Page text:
NDP MSP Plan Means Higher Taxes For British Columbians

NDP MSP Plan Means Higher Taxes For British Columbians

February 27, 2017

VICTORIA, B.C. – NDP Leader John Horgan’s claims that he wants to “eliminate” MSP premiums are nothing but a cynical game of hide-and-seek – deliberately designed to deceive British Columbians and hike taxes to pay for reckless NDP spending.

Under the NDP scheme, the MSP would be eliminated in name only – and would continue to be collected in the form of a massive middle-class tax hike, rolled into other taxes.

Speaking about MSP premiums just last month, the NDP Leader made no secret of his plan to deliberately target middle-class British Columbians in collecting his ideal hidden tax, justifying it by saying: “those middle-class folks in the age of, say 35 to 54, they’re at their highest earning period” (Daily Xtra – January 24, 2017).

NDP Leader John Horgan also tipped his hand on his MSP scheme last year when he said, “I’m hopeful that they will completely review the MSP process, integrate it into the tax system” (Powell River Daily News – January 15, 2016).

Unlike the NDP scheme to raise taxes and spend recklessly, the BC Liberal Government’s fifth straight balanced budget means a middle class family of four will keep $900 a year. MSP premiums are being reduced by 50 per cent starting in January, as a first step towards eliminating MSP premiums all together.

“The NDP leader’s comments reveal that this is just the same old tax-and-spend NDP, always plotting a tax increase,” said BC Liberal MLA Bill Bennett. “Our BC Liberal Caucus believes that when government has more money than it needs, it should be returned to British Columbians, and that’s why we’re taking real action to reduce and eliminate the MSP – not just hide it in other taxes.”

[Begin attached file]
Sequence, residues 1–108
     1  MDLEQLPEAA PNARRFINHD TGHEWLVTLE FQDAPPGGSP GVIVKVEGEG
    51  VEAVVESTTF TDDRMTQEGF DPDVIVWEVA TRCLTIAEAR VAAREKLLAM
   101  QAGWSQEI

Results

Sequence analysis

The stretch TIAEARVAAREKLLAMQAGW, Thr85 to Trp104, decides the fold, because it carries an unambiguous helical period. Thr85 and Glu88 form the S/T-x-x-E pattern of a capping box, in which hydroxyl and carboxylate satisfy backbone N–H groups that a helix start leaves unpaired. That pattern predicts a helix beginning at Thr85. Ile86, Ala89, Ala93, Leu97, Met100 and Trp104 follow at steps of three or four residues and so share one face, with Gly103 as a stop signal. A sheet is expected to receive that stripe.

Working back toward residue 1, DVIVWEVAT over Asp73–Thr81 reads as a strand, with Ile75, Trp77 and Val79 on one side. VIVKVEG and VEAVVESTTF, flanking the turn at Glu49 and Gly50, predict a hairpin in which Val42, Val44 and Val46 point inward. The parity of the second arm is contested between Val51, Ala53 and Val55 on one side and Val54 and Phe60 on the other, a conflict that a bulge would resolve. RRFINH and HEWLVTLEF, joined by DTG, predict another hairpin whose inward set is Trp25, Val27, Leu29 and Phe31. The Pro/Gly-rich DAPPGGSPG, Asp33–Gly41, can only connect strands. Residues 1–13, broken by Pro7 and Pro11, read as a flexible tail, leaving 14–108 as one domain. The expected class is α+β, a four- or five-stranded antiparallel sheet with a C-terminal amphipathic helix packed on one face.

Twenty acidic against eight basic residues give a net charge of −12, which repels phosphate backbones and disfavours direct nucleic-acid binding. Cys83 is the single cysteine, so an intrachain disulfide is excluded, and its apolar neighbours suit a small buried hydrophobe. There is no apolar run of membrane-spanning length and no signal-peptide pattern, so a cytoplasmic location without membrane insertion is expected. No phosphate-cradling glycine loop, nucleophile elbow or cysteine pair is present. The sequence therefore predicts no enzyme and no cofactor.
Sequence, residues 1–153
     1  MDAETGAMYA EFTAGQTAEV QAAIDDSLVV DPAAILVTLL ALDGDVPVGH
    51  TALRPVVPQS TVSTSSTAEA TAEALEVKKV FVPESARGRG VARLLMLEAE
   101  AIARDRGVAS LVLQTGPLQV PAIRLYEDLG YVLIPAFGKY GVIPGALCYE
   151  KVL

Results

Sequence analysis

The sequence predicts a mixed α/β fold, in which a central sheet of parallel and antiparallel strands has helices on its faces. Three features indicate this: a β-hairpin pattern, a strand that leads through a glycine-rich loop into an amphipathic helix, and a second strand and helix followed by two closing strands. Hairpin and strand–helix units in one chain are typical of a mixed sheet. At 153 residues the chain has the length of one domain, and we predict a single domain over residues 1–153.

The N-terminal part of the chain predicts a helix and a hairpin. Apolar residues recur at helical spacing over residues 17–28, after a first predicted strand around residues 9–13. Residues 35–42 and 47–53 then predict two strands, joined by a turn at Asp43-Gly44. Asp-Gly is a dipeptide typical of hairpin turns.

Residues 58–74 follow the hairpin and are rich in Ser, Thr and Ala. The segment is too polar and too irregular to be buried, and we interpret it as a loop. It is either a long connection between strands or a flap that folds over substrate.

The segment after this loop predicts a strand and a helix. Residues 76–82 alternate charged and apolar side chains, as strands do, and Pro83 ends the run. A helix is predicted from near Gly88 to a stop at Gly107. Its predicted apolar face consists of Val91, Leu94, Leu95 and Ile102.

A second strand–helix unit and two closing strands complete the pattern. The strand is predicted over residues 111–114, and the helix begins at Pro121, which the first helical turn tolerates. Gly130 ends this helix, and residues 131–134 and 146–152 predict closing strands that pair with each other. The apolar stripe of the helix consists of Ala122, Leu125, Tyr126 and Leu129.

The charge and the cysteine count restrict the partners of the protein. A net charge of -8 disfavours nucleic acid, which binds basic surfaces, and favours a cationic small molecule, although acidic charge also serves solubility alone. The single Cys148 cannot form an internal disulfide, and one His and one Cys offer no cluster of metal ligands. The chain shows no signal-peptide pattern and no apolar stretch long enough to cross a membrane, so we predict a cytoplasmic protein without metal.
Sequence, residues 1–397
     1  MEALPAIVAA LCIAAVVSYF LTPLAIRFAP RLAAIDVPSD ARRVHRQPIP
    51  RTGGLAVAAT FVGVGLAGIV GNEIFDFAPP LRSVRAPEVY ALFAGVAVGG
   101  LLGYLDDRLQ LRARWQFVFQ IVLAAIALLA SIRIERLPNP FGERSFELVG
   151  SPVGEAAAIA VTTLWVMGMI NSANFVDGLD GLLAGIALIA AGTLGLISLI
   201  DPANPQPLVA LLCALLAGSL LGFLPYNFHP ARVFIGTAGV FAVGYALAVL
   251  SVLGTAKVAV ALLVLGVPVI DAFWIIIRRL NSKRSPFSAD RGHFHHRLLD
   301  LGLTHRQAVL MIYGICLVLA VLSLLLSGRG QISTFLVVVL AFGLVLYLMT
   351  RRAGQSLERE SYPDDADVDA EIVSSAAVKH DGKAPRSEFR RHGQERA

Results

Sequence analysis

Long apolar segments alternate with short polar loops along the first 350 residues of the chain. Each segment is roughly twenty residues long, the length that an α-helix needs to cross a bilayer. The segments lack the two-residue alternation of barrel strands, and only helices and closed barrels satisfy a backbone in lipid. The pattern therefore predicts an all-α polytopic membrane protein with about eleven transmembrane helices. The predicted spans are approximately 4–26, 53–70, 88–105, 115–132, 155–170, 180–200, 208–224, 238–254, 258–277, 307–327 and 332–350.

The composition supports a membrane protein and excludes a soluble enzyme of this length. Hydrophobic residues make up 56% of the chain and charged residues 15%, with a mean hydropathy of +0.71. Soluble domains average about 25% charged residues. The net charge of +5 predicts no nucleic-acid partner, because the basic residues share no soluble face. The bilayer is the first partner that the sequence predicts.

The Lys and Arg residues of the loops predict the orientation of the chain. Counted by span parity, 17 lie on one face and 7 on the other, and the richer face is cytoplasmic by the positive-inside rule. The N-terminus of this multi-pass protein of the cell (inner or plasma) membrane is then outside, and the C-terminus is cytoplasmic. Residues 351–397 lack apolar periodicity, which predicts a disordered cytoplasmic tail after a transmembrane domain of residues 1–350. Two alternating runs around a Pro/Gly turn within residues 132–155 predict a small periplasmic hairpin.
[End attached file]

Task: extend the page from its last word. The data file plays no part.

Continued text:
“When it comes to MSP, again it is not going to happen overnight. But if other provinces can figure out how to make sure they’re providing health services without having this premium why can’t we? And the real problem with MSP is that it’s not. The money is in the economy because we are taking it out. People are paying the premiums. But if you make $40,000 a year or you make $400,000 a year you pay the same amount. And that’s counter to our progressive tax system. Everything else that we do, all the other services we provide to people we get by saying if you make a high income you pay a little bit more. If you have a low income you pay less. And that progressive tax is what we do in Canada, except in BC when it comes to MSP. So I think, particularly when it comes to seniors, young couples, those that don’t the disposable income of those middle-class folks you know in an age group of, say 35-54, they’re at their highest earning period and we need to make sure that those that can’t pay these premiums are not. So that means lifting the threshold from say $40,000 to $50,000 then to $60,000 until we are eventually eliminating it all together.” (Daily Xtra, January 24, 2017)


John Horgan, the NDP party leader, is calling for the needed funds to be drawn from income tax instead. “I’m hopeful that they will completely review the MSP process, integrate it into the tax system as every other province has done, rather than making a regressive play where someone making $35,000 gets the same cost as someone making $3 million,” he said. (Powell River Daily News – January 15, 2016).